India’s LNG surge supports Asia’s imports in June


A LNG tanker is docked at the Ilijan power plant in Batangas province, south of Manila. — AP

ASIA’S imports of liquefied natural gas (LNG) are expected to dip slightly in June from May, with strength in India holding up the top-buying region’s appetite for the super-chilled fuel.

Asia is on track to import 23.18 million tonnes of LNG in June, down a touch from May’s 23.55 million, but up 8.9% from the 21.28 million from June last year, according to data compiled by commodity analysts Kpler.

The largely steady outcome in June from the prior month reflects the little change in arrivals to China and Japan, the world’s two biggest LNG importers respectively.

China is on track to import 6.17 million tonnes in June, little changed from May’s 6.19 million and the 6.20 million from June 2023.

Japan’s arrivals are estimated at 4.69 million tonnes in June, down marginally from May’s 4.80 million and 4.92 million in June 2023.

The real action in Asia’s LNG market is in India, the continent’s fourth-largest importer, which is slated to see arrivals of 2.72 million tonnes in June, the second-highest on record and up from May’s 2.46 million.

The June imports are also 54% higher than the 1.77 million tonnes from the same month in 2023, and first half imports of 13.71 million are almost one-third above the 10.44 million from the same period last year.

The breakdown of India’s imports also shows a strong increase in arrivals from the United States, with a record 960,000 tonnes expected to be landed in June.

This is up from 470,000 tonnes in May, and almost double the previous record month of 580,000 tonnes from June 2021.

There are likely two dynamics at work with the rising shipments from the United States, the first being that US producers are looking for alternative markets to Europe, where LNG imports have declined in recent months.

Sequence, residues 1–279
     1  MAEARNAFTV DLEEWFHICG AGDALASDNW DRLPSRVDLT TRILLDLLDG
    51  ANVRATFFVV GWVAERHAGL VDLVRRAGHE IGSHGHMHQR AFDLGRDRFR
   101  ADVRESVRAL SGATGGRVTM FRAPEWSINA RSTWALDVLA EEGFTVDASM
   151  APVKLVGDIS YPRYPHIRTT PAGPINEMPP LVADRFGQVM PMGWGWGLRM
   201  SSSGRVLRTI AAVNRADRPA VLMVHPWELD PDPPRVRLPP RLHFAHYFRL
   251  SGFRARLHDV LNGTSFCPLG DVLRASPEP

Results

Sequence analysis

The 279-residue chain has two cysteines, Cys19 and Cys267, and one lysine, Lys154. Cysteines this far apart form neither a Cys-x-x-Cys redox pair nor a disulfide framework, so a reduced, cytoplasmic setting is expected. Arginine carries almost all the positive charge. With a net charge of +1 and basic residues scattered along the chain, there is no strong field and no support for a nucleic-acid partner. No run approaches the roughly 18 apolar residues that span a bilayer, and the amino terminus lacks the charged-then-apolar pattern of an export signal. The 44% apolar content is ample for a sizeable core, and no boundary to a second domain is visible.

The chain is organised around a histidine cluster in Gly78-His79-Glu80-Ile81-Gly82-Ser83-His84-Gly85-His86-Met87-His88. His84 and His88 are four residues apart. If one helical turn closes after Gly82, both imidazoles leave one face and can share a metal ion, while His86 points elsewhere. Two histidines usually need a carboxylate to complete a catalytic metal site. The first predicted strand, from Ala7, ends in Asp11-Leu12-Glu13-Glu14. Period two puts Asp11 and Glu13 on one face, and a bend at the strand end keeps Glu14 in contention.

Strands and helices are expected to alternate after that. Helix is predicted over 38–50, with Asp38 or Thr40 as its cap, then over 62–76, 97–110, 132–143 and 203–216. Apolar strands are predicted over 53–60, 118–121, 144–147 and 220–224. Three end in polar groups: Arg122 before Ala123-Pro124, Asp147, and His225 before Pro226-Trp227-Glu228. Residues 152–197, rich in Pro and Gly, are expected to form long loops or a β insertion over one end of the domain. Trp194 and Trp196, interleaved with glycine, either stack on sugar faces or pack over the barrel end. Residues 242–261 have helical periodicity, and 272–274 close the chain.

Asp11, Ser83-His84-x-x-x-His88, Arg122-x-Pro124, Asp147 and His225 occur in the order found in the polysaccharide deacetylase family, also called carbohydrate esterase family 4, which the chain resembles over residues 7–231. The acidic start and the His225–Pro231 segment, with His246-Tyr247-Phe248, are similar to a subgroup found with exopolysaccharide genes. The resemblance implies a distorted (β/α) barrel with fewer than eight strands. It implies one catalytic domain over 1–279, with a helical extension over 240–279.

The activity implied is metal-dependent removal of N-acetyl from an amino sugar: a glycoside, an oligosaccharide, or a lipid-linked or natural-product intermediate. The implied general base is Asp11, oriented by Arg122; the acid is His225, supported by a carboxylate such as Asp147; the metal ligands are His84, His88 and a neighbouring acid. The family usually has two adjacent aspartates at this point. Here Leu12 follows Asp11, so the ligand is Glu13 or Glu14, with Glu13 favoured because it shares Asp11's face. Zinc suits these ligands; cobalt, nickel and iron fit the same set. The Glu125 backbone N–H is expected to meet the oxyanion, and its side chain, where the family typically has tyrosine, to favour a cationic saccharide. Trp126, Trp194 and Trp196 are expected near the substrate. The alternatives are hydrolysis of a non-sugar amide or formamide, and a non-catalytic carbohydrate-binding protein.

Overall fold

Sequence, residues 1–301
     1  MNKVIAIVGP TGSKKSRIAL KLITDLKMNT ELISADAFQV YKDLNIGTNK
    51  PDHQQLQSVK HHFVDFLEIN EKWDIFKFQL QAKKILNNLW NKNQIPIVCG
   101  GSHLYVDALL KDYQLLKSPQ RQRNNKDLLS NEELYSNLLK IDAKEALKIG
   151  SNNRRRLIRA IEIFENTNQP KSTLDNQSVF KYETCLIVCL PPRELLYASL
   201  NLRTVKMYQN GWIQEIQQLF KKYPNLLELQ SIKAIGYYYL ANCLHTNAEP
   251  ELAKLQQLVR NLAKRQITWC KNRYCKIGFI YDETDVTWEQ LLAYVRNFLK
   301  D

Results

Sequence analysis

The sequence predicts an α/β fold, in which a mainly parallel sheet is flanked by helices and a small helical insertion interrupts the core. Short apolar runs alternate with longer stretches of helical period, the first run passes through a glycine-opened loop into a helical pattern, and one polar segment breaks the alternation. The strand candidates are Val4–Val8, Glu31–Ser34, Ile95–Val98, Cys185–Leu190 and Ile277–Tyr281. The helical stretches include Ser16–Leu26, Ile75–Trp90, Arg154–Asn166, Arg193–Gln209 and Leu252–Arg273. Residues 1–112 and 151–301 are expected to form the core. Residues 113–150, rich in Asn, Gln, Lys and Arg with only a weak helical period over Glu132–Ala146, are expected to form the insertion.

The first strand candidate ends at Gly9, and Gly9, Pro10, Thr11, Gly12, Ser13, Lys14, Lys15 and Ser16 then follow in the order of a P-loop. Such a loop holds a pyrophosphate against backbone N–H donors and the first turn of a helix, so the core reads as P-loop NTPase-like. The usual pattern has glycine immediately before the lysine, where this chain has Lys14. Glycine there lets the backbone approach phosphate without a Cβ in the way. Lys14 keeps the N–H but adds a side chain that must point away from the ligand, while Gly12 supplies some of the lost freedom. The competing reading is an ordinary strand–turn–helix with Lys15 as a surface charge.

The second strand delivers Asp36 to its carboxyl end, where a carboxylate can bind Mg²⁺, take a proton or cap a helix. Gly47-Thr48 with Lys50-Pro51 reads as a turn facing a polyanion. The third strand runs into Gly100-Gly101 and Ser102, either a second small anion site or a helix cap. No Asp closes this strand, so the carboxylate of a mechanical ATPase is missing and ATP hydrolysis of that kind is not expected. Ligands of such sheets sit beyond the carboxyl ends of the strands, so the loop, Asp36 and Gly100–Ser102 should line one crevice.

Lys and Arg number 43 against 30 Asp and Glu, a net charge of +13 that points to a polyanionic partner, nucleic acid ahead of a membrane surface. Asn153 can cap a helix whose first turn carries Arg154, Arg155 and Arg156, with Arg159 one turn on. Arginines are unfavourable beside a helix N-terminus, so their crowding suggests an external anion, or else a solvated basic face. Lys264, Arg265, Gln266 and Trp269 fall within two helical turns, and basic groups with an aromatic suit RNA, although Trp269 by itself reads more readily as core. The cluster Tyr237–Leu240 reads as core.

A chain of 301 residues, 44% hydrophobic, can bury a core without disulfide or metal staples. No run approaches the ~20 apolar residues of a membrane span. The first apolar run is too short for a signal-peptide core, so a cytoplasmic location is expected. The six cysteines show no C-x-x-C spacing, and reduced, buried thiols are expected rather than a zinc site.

The second factor is likely that US cargoes are being offered at a lower price to those from other top shippers Qatar and Australia, especially since US natural gas prices remain at levels that would allow their plants to offer competitively priced cargoes and still make profits.

Australia LNG

Another factor that shows India is keen to buy LNG currently is that it imported a cargo from Australia in June, with 70,000 tonnes arriving on June 11 from Chevron’s Gorgon plant in Western Australia.

India rarely buys from Australia, with June’s shipment being only the second cargo this year after one in April. Prior to the April shipment, the last cargo that India imported from Australia was in June 2023.India’s demand for LNG is being boosted by the strong rise in power demand amid an ongoing heatwave and robust economic growth.

Gas-fired electricity generation normally only accounts for around 2% of the India total, with coal supplying 75%.

However, in May gas-fired generation rose to 3.1% of the total, up from 1.6% in the same month in 2023, according to data from Grid India.

LNG in India is also used in industrial processes such as making fertiliser, and the strong economy is helping to boost demand. Gross domestic product is growing 7.8% in the 2023 to 2024 fiscal year.

The question for the LNG market is whether India’s strong demand is likely to continue, or will it ease amid the recent higher prices for spot cargoes.

The spot price of LNG for delivery to North Asia , the regional benchmark, was US$12.60 per million British thermal units (mmBtu) in the week to June 21.

This was unchanged from the prior week, which in turn was the highest price in six months, and also up 52% from the low so far this year of US$8.30 per mmBtu, reached in the week to March 1.

India has traditionally been viewed as a price-sensitive buyer, but the strength of demand from the robust economy and the persistent high temperatures has been enough to overcome higher LNG prices.

There may be some relief from temperatures in coming months as the monsoon season brings rain and cooler weather, and while the economic growth rate is tipped to ease, it is still expected to remain around 6% to 7% in the current fiscal year. — Reuters

Clyde Russell is a columnist for Reuters. The views expressed here are the writer’s’ own.

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